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  • Writer's pictureChandler

Embracing Your New Self - Sowlmate Transcript

Updated: Nov 17, 2020


Hi, my name is Chandler Wilson.

Thank you for listening to this course!

I’m a nonbinary educator, activist, and YouTuber, and I make content about LGBTQ identities, history, and awareness. I’ve been creating LGBTQ specific content ever since I first came out as under the transgender umbrella when I was sixteen. And here is my story about my journey coming out, accepting myself, and transitioning.


As a kid, I was really androgynous. I enjoyed being a tomboyish girl, but I also really enjoyed wearing dresses and playing with dolls. I never felt any sort of discomfort in my identity because all the girls and boys around me all played together. As a kid, the kids around me were no different from me or each other. Gender meant nothing to me because it didn’t seem to have any actual meaning or difference attached to it.

When I was ten years old and first learned about puberty, I thought I could pick and choose the physical characteristics I would receive. I remember wanting broad shoulders and wide hips. I thought, essentially, that I could shop around and select which characteristics I liked best. And then only receive those specific ones. Once I learned that wasn’t how puberty worked, I began to feel down on myself. Gradually, I felt my body and the perception of it become shoved into a singular box, which was antithetical to my desires.

I was fourteen years old when I first started questioning my gender identity. I began sacrificing my love for femininity and focusing more on masculinity in the hopes that I would find some sort of balance between how strangers were reading me. Some strangers would mistake me for a boy, and it made me feel all sorts of butterflies in my stomach. It still felt like something was off though. I enjoyed being referred to as a different gender than my gender assigned at birth… but I realized it wasn’t because I was that other gender.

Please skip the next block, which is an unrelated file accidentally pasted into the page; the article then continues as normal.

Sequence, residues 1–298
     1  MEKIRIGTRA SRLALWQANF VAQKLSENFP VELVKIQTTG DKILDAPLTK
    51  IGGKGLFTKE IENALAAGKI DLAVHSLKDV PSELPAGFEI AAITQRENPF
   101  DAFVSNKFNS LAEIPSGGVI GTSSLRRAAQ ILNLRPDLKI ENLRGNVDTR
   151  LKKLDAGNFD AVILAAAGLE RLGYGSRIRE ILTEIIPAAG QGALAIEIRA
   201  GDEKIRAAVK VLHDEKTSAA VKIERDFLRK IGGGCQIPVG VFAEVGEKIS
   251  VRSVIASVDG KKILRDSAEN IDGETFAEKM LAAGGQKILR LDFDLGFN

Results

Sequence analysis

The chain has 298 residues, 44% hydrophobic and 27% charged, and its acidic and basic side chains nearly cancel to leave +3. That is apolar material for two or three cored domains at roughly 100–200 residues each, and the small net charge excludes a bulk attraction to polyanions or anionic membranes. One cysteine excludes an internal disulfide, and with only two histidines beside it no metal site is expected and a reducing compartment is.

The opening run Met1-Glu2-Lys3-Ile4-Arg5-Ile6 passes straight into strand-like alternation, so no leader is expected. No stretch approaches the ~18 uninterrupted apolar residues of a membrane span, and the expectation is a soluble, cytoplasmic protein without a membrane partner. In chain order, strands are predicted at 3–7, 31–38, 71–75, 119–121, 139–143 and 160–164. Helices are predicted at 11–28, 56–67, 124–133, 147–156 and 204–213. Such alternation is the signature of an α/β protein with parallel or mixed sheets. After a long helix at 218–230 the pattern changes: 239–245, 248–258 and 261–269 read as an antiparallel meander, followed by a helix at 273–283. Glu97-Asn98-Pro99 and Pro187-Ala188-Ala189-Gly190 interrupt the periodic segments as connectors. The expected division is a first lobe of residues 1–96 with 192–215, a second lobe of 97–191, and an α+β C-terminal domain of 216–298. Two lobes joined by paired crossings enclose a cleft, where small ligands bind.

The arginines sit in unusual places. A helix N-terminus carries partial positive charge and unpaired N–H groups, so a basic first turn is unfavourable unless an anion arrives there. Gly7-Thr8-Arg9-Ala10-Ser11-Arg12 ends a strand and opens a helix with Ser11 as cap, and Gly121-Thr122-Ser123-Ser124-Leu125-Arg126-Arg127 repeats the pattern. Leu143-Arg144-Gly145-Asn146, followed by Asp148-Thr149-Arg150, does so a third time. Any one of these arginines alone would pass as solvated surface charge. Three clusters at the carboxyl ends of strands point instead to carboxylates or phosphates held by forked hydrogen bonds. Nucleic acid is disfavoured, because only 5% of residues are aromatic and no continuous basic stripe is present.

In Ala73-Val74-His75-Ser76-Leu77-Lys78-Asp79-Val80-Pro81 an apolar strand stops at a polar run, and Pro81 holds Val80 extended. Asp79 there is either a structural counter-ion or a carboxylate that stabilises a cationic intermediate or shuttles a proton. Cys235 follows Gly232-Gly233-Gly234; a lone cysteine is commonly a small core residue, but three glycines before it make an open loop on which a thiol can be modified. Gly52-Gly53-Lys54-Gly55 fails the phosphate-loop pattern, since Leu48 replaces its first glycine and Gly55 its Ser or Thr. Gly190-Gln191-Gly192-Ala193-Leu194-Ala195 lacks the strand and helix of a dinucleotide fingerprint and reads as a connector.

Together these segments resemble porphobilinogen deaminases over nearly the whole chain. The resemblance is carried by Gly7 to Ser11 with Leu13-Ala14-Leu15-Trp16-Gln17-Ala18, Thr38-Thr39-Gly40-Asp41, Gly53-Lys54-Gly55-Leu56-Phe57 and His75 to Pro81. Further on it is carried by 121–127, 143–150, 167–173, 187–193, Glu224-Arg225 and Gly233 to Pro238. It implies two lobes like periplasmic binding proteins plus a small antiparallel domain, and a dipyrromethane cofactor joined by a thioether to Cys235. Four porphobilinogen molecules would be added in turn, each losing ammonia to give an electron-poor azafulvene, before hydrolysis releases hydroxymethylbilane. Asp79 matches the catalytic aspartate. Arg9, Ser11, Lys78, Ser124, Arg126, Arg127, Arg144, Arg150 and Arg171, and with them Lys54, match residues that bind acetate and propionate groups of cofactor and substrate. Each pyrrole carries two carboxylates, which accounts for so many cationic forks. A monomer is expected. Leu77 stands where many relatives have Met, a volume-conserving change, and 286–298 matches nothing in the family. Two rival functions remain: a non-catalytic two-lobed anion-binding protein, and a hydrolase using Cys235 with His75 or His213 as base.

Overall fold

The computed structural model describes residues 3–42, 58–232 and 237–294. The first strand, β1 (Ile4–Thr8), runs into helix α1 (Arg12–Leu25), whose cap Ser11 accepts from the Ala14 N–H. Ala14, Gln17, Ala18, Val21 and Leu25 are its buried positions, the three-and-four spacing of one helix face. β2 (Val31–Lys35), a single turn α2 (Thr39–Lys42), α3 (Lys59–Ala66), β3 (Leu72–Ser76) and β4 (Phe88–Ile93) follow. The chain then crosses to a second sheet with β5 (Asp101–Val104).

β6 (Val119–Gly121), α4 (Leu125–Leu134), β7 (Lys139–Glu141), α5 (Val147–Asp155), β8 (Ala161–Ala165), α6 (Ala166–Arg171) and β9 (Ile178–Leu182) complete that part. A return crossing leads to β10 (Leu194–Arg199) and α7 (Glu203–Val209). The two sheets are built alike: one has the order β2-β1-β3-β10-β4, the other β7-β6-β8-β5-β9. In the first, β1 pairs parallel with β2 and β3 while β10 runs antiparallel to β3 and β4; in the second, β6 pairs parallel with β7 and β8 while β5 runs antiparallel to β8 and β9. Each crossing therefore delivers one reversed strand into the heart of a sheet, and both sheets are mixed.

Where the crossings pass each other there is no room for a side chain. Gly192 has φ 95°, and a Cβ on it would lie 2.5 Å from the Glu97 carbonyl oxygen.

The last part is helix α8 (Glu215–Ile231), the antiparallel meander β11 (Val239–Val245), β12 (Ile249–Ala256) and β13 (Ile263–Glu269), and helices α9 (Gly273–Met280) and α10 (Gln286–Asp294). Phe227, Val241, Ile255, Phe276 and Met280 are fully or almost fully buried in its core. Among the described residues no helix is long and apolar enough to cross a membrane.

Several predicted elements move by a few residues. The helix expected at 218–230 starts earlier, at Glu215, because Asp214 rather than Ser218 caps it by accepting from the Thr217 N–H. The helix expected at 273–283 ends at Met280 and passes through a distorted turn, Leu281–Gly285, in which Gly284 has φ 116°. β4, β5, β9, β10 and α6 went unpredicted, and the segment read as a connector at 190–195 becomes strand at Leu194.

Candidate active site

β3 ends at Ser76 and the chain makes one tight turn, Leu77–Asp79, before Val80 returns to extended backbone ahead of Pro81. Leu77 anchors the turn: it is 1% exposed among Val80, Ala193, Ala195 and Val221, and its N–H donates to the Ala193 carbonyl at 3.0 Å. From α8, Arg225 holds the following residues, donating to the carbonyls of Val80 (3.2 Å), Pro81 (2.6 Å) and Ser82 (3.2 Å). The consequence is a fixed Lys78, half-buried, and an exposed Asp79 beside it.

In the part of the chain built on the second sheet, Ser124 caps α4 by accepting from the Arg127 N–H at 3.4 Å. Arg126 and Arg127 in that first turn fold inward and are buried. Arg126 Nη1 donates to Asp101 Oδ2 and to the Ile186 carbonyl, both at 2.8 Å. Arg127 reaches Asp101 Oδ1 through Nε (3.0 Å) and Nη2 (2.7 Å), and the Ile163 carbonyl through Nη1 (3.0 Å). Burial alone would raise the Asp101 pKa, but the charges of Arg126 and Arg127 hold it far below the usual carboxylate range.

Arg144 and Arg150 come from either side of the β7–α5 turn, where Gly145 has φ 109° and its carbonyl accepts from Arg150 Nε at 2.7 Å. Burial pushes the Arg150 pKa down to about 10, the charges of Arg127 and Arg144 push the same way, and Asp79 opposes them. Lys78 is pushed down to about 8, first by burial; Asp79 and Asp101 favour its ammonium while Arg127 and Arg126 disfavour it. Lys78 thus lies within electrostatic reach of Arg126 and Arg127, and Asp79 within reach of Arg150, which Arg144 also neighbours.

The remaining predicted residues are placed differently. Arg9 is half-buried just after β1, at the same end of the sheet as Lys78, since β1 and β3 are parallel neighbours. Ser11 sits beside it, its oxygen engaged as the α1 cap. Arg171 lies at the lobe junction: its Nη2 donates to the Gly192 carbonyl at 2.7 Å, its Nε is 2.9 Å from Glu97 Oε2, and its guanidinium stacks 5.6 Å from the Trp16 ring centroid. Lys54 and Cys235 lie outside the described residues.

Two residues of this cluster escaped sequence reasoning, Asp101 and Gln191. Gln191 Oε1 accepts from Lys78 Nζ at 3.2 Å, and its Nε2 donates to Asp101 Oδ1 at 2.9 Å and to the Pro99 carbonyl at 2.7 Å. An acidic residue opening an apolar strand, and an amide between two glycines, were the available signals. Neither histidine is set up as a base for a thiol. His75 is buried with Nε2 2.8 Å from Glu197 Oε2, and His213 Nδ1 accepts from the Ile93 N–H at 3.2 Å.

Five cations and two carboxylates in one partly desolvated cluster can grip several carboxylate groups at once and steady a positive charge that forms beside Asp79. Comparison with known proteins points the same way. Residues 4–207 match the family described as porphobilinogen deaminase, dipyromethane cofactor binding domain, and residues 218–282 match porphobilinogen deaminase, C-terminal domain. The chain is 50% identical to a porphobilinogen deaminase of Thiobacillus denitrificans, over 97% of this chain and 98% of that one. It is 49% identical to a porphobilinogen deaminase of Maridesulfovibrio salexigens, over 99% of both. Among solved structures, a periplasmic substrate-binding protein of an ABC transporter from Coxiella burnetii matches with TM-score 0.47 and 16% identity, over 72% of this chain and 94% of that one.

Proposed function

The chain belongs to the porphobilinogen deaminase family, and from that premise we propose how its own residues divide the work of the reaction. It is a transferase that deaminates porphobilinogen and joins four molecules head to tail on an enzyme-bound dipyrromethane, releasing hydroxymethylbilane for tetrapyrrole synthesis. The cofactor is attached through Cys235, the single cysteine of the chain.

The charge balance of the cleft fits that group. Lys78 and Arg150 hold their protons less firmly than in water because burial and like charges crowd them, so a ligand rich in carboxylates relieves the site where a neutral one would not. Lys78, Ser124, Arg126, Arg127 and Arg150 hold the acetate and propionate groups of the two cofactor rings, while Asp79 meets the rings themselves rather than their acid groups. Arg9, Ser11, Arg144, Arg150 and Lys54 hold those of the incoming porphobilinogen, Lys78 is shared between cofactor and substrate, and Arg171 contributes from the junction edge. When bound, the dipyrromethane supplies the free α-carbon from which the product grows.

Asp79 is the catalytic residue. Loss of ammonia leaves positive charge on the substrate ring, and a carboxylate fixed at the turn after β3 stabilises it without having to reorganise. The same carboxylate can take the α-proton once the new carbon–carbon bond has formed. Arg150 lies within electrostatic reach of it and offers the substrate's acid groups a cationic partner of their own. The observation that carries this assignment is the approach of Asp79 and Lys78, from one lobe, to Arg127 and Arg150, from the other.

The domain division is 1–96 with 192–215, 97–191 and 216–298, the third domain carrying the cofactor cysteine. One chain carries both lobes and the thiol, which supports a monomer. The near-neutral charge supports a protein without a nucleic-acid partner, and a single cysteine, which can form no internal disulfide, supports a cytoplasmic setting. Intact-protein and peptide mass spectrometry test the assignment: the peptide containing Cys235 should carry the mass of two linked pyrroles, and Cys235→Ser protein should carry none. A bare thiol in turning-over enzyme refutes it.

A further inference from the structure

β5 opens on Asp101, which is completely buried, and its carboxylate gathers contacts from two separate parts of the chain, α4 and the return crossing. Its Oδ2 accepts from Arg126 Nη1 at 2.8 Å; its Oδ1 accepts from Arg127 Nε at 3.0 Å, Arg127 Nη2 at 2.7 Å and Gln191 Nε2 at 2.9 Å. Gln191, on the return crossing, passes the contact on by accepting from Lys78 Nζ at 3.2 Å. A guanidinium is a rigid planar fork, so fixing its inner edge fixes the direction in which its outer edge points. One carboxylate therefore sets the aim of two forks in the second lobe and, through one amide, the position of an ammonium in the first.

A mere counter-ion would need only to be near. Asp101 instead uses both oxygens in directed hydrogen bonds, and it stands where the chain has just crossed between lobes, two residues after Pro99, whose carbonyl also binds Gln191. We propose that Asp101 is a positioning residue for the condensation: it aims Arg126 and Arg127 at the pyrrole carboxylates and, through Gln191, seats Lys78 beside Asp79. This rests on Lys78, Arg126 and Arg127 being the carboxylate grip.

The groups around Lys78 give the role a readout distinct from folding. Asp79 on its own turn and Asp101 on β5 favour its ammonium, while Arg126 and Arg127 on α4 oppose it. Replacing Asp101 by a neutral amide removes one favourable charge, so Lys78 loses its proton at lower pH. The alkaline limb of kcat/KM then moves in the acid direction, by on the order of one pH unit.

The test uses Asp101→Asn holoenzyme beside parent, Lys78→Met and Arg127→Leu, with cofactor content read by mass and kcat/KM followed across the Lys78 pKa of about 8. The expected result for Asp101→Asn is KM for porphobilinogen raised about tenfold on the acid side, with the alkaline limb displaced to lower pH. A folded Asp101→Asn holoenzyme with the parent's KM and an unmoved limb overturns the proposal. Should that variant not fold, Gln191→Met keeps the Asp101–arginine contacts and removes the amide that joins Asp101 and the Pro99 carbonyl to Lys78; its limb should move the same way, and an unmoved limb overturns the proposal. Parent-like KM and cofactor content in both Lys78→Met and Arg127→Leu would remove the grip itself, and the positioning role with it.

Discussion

I describe it using a sweater analogy. Having people refer to me 24/7 using she/her pronouns felt like an itchy sweater that was too small. Once people also started referring to me using he/him pronouns, I felt the first inkling of balance. It was like wearing a sweater that was too large. Didn’t fit, but I could still function in it. Finally, I learned about nonbinary identities and being able to state our own pronouns--rather than simply tolerating the ones forced upon us. Gender neutral language was like a Goldilocks sweater. It was the perfect size. The perfect warmth. The perfect comfort. Just right.

Owning my nonbinary identity allowed me the freedom to finally embrace femininity again. I finally felt secure in my identity and myself. The balance between masculinity and femininity that I craved, I was finally moving towards.

Once I turned eighteen, I legally changed my name and began pursuing jobs. Before I started working, most people thought I was either a sixteen year old girl or a fourteen year old boy. After I got my first job, however, I noticed what little balance I had achieved became stripped away from me. As people began to read me as older, my high pitched voice drove people to gender me as solely female again.